For the most part, weekly fantasy players don’t pay much for kickers. Amateurs and pros alike understand that it’s usually senseless to pay top-dollar for a position that’s not consistent from week to week. It doesn’t matter how many points a player scores and it doesn’t matter how scarce those points are if you can’t predict his performance.
We all seem to intuitively know that we shouldn’t pay for kickers, but few people extend this argument to the other positions. So even with DraftKings removing Kickers from their roster formats this season, you can still use lessons learned from them in developing a lineup. In leagues in which safety is the name of the game, there should be a strong positive correlation between the percentage of cap space you’re willing to spend on a player and your ability to accurately project his performance.
It’s not like any of the skill positions are unpredictable in the same way as kickers, but there’s still varying degrees of predictability. Those should undoubtedly have an influence on your decision-making. All other things equal, you could maximize your team’s long-term floor by allocating a higher percentage of the cap to the safest players.
I charted the number of “startable” weeks for the players at each position. A “startable” week was defined as finishing in the top 33 percent at the position (among the top 30 quarterbacks, tight ends, defenses, and kickers and the top 75 running backs and wide receivers).
A “startable” week was defined as finishing in the top 33 percent at the position.
You can see that running backs have been the most consistent position, with the best of the bunch giving you a top 10 performance 67.0 percent of the time. Quarterbacks aren’t far behind at 61.1 percent, but no other position is close.
When you think about it, that shouldn’t be a surprise. Consider the number of opportunities each position has per game. For quarterbacks, it might be 35 attempts. For top running backs, it’s in the range of 15 to 25 touches.
Meanwhile, wide receivers and tight ends might be lucky to see 10 targets in a game, and it’s often much fewer. Just based on those numbers alone, you’d expect quarterbacks and running backs to be more consistent, and thus more predictable. It’s like asking if a baseball player will come closer to hitting at his career average after five games or after 20 games. . .there’s just no contest.
Taking it a step further, I analyzed the percentage of “top-tier” weeks turned in by each position. I defined “top-tier” as a top two finish for quarterbacks, tight ends, kickers, and defenses or a top five finish for running backs and wide receivers (the top 6.7 percent for each position).
"Top-tier” is defined as a top two finish for quarterbacks, tight ends, kickers, and defenses or a top five finish for running backs and wide receivers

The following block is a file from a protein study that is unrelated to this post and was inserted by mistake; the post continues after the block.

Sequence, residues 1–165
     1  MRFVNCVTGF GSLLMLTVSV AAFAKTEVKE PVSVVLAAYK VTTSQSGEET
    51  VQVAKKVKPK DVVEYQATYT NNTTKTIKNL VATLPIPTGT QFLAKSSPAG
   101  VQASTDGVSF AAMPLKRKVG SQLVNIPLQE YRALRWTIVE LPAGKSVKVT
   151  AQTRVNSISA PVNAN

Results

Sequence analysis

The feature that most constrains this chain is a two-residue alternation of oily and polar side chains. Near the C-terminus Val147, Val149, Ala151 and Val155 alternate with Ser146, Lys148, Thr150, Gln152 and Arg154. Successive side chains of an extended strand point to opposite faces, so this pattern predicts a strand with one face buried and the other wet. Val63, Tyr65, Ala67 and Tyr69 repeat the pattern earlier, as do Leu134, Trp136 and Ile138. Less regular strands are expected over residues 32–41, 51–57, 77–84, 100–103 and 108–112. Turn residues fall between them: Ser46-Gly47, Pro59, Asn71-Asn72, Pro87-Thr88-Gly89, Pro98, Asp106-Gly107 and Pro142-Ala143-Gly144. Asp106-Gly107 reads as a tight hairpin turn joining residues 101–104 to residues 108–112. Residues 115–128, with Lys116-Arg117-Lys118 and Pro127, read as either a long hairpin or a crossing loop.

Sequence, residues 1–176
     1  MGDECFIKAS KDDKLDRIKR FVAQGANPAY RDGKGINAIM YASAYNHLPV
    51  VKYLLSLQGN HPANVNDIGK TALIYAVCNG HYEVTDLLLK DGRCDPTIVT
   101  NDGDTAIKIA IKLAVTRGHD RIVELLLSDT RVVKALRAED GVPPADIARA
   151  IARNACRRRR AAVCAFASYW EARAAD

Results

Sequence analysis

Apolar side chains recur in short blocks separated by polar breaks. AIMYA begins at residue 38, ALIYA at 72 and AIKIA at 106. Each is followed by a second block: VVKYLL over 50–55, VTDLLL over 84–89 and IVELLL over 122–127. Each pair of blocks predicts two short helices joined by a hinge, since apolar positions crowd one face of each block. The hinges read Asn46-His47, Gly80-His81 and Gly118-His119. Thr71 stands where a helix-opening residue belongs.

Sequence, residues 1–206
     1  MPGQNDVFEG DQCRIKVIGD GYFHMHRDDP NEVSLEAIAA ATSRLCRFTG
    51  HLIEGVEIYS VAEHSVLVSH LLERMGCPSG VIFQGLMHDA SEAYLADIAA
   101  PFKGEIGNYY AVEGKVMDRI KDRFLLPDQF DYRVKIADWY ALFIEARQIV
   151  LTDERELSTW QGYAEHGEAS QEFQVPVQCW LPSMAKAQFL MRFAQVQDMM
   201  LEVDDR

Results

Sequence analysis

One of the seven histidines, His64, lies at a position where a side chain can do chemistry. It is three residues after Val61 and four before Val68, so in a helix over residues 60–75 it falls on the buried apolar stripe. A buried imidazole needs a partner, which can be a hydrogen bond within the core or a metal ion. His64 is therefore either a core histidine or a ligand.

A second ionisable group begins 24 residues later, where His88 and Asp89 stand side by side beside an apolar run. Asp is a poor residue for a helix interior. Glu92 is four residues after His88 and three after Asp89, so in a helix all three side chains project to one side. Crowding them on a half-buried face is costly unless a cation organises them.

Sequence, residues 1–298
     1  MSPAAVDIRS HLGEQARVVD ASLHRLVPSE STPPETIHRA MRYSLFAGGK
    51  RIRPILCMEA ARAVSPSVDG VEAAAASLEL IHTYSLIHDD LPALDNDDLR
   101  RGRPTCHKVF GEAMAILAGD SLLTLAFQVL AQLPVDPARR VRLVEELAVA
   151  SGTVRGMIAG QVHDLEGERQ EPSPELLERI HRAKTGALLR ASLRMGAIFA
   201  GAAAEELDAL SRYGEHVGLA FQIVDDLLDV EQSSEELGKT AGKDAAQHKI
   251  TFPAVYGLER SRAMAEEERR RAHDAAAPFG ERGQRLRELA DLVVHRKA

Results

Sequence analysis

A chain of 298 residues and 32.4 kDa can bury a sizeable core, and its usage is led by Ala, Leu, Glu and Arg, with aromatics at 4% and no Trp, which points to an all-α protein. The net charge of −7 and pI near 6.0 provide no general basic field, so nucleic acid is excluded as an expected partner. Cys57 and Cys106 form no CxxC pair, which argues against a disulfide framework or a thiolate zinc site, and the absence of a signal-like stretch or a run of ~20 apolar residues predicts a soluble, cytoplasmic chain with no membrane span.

Again, no contest. Quarterbacks and running backs are just far more consistent on a week-to-week basis than all other positions. When you’re paying for reliability, you should start with the quarterback and running back positions.
The position consistency data is certainly useful in all league types, but we can cut up the data a little more to obtain even better accuracy. Specifically, we can look at subsections of each position to see which types of players are the most consistent, and thus worthy of the majority of our cap space in head-to-head leagues.
Why look at player types? Well, even though we’d expect certain individual players to be more consistent than others, it’s really difficult to separate that data—which necessarily comes with a small sample—from noise. Maybe Player X is safe, but maybe he’s just gotten lucky; we really can’t tell. Would we ever create enduring narratives for baseball players through eight games? Never, so why do it for NFL players?
I really believe weekly fantasy players as a whole place too much stock in past game-to-game consistency on the individual level. Again, it’s not that game-to-game consistency doesn’t exist, but just that it’s going to be really, really difficult for us to separate it from randomness.
It’s the same reasoning behind my typically bullish stance on injury-prone players. Are some players more likely to get injured than others? Probably, but that doesn’t mean we can turn that idea into actionable information.
Injuries are relatively low-frequency events controlled heavily by randomness, and humans aren’t built to properly deal with randomness. We perceive all sorts of signals that aren’t really there because it’s not all that evolutionarily beneficial to say “I don’t know.”
But in weekly fantasy sports, saying “I don’t know” is a great thing; by factoring your own fallibility into your decisions—a choice that’s reflected in your stance on week-to-week consistency and injury-proneness alike—you’ll be able to acquire value where others are overlooking it.
The bottom line is that the majority of what most think they see as consistent play is noise. It would take years of NFL data to establish individual player consistency to the point that we can trust what we’re seeing isn’t just randomness. By that time, it’s too late.
The crux of my individual-player-consistency-is-kind-of-overhyped-but-maybe-not-completely argument is that a small sample size hinders our ability to obtain meaningful results. Thus, we’re better off analyzing certain player “types”—big wide receivers, mobile quarterbacks, and so on—instead of the past consistency of individual players.